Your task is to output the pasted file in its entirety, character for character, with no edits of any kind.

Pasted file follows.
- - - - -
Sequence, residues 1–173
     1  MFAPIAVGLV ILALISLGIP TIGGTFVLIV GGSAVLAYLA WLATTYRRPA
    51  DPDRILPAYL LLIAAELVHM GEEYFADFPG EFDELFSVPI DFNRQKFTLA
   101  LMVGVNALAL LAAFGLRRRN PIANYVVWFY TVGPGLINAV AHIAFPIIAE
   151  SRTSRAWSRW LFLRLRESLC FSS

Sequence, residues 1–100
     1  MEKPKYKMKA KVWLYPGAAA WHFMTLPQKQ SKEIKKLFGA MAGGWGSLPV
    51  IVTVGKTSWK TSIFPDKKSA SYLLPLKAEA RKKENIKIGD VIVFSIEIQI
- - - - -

Sequence, residues 1–173
     1  MFAPIAVGLV ILALISLGIP TIGGTFVLIV GGSAVLAYLA WLATTYRRPA
    51  DPDRILPAYL LLIAAELVHM GEEYFADFPG EFDELFSVPI DFNRQKFTLA
   101  LMVGVNALAL LAAFGLRRRN PIANYVVWFY TVGPGLINAV AHIAFPIIAE
   151  SRTSRAWSRW LFLRLRESLC FSS

Sequence, residues 1–100
     1  MEKPKYKMKA KVWLYPGAAA WHFMTLPQKQ SKEIKKLFGA MAGGWGSLPV
    51  IVTVGKTSWK TSIFPDKKSA SYLLPLKAEA RKKENIKIGD VIVFSIEIQI